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Un-Retirement: Once Your Foot Is in the Door...

It would seem the only thing worse, these days, than serving in Congress is NOT serving in Congress. This week, three current or former members of the House who had previously decided to depart Congress changed their minds.

First up is Rep. Mark Green (R-TN), who said he had achieved what he had set out to achieve when the House Homeland Security Committee, which he chairs, impeached DHS Secretary Alejandro Mayorkas. He has now rethought that, and says that he's going to hold on to his seat, after all. His district, TN-07, is very red (R+10), so he's safe, assuming voters there don't punish him for his waffling.

And then there is Matt Rosendale (R-MT), who flirted with a U.S. Senate run for a week, and then hinted at retirement for another week. Now, he says he wants to stay in Congress, and will run for reelection to his seat. He'll face a primary battle, and since he's a fire-breathing right-winger, he might be vulnerable to a challenge from a more centrist candidate. Probably not, though, since MT-02 is R+16. Fun trivia fact: By area, MT-02 is the largest congressional district in the country that is not comprised of an entire state.

And finally, a former Republican House member who decided he'd like to return to Washington, albeit with a promotion. That would be Justin Amash, who was a Republican and then became either a Libertarian or an independent, depending on who you ask, in response to the actions of Donald Trump that led to impeachment. Amash is now back to being a Republican, and thinks he might just enjoy being a U.S. Senator. In his announcement for the open seat in Michigan, he explained:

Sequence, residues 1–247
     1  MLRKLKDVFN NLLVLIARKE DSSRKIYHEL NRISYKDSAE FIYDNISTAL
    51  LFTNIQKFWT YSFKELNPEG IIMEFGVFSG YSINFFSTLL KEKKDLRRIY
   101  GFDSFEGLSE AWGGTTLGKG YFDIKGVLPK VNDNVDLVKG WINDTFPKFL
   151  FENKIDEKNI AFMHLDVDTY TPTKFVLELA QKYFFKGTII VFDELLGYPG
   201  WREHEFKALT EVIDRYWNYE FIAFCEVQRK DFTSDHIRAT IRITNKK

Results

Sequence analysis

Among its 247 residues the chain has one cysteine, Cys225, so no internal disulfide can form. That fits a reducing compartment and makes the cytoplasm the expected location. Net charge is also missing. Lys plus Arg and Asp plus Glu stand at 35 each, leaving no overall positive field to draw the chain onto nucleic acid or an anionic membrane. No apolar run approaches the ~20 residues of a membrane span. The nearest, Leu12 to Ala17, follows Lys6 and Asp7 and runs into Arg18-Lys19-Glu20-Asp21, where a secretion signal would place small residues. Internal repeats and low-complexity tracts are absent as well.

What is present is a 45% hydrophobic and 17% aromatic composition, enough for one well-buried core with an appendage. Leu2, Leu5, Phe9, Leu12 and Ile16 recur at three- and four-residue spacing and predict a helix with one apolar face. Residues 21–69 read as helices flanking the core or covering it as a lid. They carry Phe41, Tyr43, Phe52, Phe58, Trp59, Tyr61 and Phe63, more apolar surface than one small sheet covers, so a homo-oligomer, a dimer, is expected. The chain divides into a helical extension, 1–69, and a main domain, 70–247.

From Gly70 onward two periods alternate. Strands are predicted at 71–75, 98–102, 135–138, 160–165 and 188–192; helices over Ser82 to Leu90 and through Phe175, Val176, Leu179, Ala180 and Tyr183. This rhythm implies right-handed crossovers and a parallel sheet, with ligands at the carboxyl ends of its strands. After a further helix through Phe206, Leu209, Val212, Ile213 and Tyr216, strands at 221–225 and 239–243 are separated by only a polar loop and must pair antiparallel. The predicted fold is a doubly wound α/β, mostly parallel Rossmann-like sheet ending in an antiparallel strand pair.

The past few years away from Congress have given me time to reflect on the experiences that have shaped my life, the principles of liberty that inspire me, and what my tenure in Congress meant to the people of my community...

Regardless of who wins the White House and Congress, the United States will remain deeply polarized. What we need is not a rubber stamp for either party, but an independent-minded senator prepared to challenge anyone and everyone on the people's behalf—someone focused not on extending federal power so Republicans or Democrats in Washington can achieve their political ends, but on ensuring that Americans have the personal and economic freedom to pursue their own ends...

The "politician who is above partisanship" sounds good on paper, but such folks rarely attract enough votes to be competitive. We suppose it's not impossible that, in a Republican primary that already had 12 other candidates, including at least three or four serious ones, Amash could eke out a plurality. But we doubt it. (Z)

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